Louis Sheehan ALS 418 9/13/15
Where J&J’s/McNeil’s Management Was Not Consistent With the Credo
J&J’s/McNeil’s Credo consists of numerous provisions broadly articulating standards establishing guidance as to how J&J’s/McNeil’s employees were and are to conduct J&J’s/McNeil’s businesses. The abstract nature of the Credo’s standards affords interpretations which can implicate the violations of multiple Credo standards with any given action or set of actions. Here I discuss J&J’s/McNeil’s use of the 2009 ‘phantom recall’ of defective Motrin tablets in the context of the Credo. For these purposes, these violations fall into two broad categories: (i) duties to patients and (ii) duties to its employees, communities, and shareholders.
As a threshold matter, J&J’s CEO specifically acknowledges on video that McNeil/J&J violated the “ … first tenant …” of the Credo which is understood to be “We believe our first responsibility is the doctors, nurses, and patients, to mothers and fathers and all others who use our products and services. In meeting their needs everything we do must be of high quality.” Clearly, and as evidenced by the ‘phantom recall’, the clandestinely withdrawn items were not of the highest quality.
Employees, Communities, and Shareholders
J&J/McNeil employed unethical — and thus inherently incompetent — management. Here the resulting low quality production and the discovery thereof put the business’ continuation at risk thus threatening both employees’ jobs and shareholders’ returns and intrinsically exhibited anti-communal behavior. Indeed, J&J/McNeil is under criminal investigation.
What Actions J&J/McNeil Might Have Performed Differently
In 1982, erring on the side of over-caution, J&J recalled 31 million bottles of Tylenol when 6 people died relating to tampered bottles (the result was tamper-proof packaging). Very widely lauded, this business practice became a business school case/model of (i) exemplary corporate behavior and (ii) very successful corporate public relations, i.e., J&J expressed to the ‘nth’ degree — with actions and not just words — their concern about their customers thus reassuring their customers as to the safety of their products. In contrast, as described in the assigned articles, the ‘phantom recall’ involved poor manufacturing practices at J&J/McNeil and the conscious, overt and documented hidden recall of certain lots of Motrin.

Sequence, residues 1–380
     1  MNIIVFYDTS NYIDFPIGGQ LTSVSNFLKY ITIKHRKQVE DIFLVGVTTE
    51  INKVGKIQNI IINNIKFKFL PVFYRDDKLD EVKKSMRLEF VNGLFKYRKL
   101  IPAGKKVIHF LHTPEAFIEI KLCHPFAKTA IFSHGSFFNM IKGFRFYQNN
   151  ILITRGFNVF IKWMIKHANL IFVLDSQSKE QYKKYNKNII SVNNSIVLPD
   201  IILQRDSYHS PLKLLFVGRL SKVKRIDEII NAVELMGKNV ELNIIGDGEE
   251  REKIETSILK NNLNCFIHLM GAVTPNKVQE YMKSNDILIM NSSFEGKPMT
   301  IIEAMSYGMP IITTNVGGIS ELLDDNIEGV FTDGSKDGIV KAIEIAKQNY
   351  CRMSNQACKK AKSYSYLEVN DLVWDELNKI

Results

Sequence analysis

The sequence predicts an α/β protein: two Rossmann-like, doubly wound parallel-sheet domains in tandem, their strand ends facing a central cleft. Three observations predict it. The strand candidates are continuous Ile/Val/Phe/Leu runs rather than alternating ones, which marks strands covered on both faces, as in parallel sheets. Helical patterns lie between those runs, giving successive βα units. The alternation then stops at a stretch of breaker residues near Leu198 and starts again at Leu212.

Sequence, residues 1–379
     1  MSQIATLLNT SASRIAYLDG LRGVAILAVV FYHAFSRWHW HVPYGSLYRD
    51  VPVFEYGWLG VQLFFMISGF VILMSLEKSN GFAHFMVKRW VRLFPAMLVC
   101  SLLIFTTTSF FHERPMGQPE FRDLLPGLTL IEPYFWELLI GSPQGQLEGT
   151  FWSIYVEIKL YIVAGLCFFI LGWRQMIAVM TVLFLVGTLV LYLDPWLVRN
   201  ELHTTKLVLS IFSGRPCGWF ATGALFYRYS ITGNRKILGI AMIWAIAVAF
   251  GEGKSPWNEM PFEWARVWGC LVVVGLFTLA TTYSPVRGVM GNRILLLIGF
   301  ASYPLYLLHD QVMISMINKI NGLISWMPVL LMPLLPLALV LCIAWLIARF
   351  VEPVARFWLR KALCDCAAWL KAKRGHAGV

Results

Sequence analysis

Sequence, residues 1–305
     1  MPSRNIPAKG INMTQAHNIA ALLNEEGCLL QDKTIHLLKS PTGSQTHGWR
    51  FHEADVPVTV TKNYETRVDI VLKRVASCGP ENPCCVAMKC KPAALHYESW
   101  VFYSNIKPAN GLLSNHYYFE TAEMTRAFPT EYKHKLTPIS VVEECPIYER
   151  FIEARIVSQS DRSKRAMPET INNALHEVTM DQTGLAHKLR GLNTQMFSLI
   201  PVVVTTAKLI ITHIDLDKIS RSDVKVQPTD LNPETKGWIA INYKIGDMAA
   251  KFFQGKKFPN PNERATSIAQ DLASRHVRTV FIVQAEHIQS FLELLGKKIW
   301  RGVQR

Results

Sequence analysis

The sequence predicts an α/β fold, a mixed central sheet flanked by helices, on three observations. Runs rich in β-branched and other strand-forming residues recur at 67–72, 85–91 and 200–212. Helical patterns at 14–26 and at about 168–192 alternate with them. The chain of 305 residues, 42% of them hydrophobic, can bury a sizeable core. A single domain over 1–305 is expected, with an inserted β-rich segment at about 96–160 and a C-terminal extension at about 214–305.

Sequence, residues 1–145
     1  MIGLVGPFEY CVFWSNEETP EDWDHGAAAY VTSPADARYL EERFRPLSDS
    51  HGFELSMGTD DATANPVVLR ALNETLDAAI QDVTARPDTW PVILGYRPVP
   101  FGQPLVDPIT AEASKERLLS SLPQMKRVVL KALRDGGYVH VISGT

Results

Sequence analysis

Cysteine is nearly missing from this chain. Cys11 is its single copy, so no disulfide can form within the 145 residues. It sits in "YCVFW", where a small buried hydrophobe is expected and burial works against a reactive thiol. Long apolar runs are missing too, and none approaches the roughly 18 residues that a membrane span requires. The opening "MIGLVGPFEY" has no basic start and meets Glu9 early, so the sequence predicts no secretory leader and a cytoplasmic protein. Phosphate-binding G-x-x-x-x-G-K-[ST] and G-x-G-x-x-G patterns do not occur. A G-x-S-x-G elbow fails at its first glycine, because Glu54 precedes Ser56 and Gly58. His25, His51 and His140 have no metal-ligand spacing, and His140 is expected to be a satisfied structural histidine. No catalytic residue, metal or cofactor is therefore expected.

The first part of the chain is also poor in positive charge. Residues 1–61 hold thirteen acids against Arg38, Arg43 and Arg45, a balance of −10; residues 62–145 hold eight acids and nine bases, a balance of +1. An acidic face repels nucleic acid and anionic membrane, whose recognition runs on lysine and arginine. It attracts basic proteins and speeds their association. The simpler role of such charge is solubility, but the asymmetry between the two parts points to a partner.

In response to having been caught in this subterfuge – and in other violations — J&J/McNeil spent money (and concurrently lost profits while doing so) to remediate problems which J&J could have spent to avoid the problems ab initio. In contrast with the response to external tampering in 1982, here J&J — including but not limited to — (i) invested more than $100 million on improvements at the relevant manufacturing facility, (ii) engaged an independent third party consultant vis-à-vis quality manufacturing systems, (iii) appointed a new Vice President of Quality Assurance, (iv) brought in a new Vice President of Operations, (v) hired a new Plant Manager and (vi) terminated the employment of various managers.
J&J/McNeil could have monitored the production of their products with integrity and invested money to maintain high-quality production vis-à-vis the ‘phantom recall’ and all other recalls. In the alternative, J&J/McNeil could have publicly and conventionally recalled the relevant Motrin Units. Fundamentally, J&J/McNeil could have simply conducted its business in-line with its Credo. , 
Saved at: J&J Memo.docx
 Henceforth referred to as ’ J&J/McNeil’ as the to-be-explained ‘phantom recall’ occurred in conjunction with J&J’s McNeil Consumer Healthcare Unit. [Footnote added.]
 I am assuming this assignment is limited to J&J’s/McNeil’s use of the 2009 ‘phantom recall’ of defective Motrin tablets but it should be noted that J&J’s product issues include, but are not limited to:
- the FDA finding a consistent failure to both investigate and correct product problems in a prompt and thorough matter throughout J&J (http://www.fda.gov/NewsEvents/Testimony/ucm227852.htm)
- the 2010 recall in excess of 135 million Children’s Tylenol, Motrin and Benadryl units due to the presence of small metal parts and possible bacterial contamination and odor http://money.cnn.com/2010/09/30/news/companies/hearing_johnson_fda_drug_recalls/ ,; http://www.fda.gov/NewsEvents/Testimony/ucm227852.htm
- more than 50 voluntary product recalls since 2010 https://habwwe.wordpress.com/2011/04/12/johnson-johnson-reputation-tarnished-by-recalls/
Again, all such issues essentially implicate the same Credo violations. [Footnote added]
 It is assumed the reader is familiar with the Credo which thus need not be here set-forth.
 Query whether the retention of the sequence of ‘doctors’ and ‘nurses’ before patients, mothers and fathers reflects J&J’s fundamental focus on marketing (and its related profits) to doctors and nurses? At least in our era, why wouldn’t ‘patients’ be listed first?
 The defective nature of the products were not life-threatening but resulted in slower delivery than promised of the medication. http://www.boston.com/business/healthcare/articles/2011/12/22/jj_recalls_motrin_caplets_that_may_work_slowly/ ; http://www.fda.gov/NewsEvents/Testimony/ucm227852.htm
 The inverse of this sentence is actually another provision of the Credo.
 Simply put, the ‘phantom recall’ consisted of J&J/McNeil contracting with third parties to surreptitiously purchase the distributed defective Motrin from store shelves and directed the contracted third parties to – if questioned – explain they were merely conducting an ‘audit’. http://www.anesthesiologynews.com/ViewArticle.aspx?d=Pain%2BMedicine&d_id=2&i=March%2B2011&i_id=713&a_id=16812
 See also: ICH Q10: http://www.fda.gov/downloads/Drugs/…/Guidances/ucm073517.pdf